Australian real estate network First National has reportedly had information it held on job applicants leaked online.
The report was first made by Gareth Llewellyn on Twitter, who informed the company that CV and cover letters from individuals who had applied for a job with First National had inadvertently been published.
He claims the allegedly leaked information includes the full names, addresses, phone numbers, dates of birth, and other personal information -- as many applicants list their education and previous employment information on resumes -- of around 2,000 people.
First National has over 400 offices throughout Australia, New Zealand, and Vanuatu, but it is unclear as to how many places the alleged leaked information relates to, with the screenshots provided indicating the Burleigh Heads and Palm Beach offices in Queensland are allegedly affected.
A spokesperson for First National told ZDNet that it is currently dealing with the matter and could not provide any further information.
"The network at the moment is dealing with the appropriate authorities," they said on Tuesday morning.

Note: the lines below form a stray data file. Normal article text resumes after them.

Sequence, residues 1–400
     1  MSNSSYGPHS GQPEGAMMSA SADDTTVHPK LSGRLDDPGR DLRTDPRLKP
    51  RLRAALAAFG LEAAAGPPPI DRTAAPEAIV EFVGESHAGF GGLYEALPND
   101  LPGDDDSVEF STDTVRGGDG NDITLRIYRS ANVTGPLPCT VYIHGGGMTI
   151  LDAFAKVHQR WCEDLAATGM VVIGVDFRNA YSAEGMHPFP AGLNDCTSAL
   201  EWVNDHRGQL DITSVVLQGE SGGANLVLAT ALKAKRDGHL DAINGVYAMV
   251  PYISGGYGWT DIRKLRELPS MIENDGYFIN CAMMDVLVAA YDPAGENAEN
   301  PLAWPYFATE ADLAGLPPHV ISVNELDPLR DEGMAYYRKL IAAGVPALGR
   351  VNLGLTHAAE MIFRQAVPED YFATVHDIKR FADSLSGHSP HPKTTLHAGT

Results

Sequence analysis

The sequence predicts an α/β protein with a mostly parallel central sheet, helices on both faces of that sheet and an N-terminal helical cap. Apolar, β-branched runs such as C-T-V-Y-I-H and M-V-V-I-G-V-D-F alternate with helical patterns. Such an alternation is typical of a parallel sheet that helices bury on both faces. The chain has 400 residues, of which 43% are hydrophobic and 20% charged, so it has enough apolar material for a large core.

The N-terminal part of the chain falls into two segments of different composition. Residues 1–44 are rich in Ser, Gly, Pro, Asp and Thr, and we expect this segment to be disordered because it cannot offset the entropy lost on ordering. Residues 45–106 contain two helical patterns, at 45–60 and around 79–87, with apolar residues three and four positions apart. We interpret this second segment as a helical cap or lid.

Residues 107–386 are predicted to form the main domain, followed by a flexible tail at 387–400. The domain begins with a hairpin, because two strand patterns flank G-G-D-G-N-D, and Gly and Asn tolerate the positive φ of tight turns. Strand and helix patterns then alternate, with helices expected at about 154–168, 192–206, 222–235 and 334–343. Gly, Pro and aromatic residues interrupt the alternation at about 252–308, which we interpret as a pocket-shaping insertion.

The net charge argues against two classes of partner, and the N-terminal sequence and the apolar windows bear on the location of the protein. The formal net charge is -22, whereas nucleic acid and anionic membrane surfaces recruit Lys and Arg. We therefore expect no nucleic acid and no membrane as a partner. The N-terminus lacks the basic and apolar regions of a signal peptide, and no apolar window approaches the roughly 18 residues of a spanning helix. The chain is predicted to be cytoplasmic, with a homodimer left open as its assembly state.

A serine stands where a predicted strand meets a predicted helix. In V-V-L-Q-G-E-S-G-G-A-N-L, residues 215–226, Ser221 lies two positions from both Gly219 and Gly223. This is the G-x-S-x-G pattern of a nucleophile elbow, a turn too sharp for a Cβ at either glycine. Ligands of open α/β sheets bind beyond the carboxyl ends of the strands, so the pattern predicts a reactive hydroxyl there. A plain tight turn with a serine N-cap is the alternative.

Llewellyn, however, believes a commercial off-the-shelf vendor is at fault.
Australia's Notifiable Data Breaches (NDB) scheme came into effect on February 22, 2018, requiring agencies and organisations in Australia that are covered by the Privacy Act 1988 to notify individuals whose personal information are involved in a data breach that is likely to result in "serious harm" as soon as practicable after becoming aware of a breach.
When seeking a comment from the Office of the Australian Information Commissioner (OAIC) on the First National incident, a spokesperson said that in cases where the office is made aware of a potential privacy breach or notifiable data breach, it may engage with the organisation involved to establish the facts of the matter.
However, the spokesperson did not comment on any specifics regarding the reported information leak.
The OAIC in October reported that it received 245 data breach notifications during the July through September period, with a pair of breaches impacting between 100,000 and 250,000 people.
Contact information was the type of information most commonly breached, with 208 instances; followed by financial details in 110 instances; identity information in 85 instances; and tax file number information in 55 instances. Health information was also revealed in 54 breaches.
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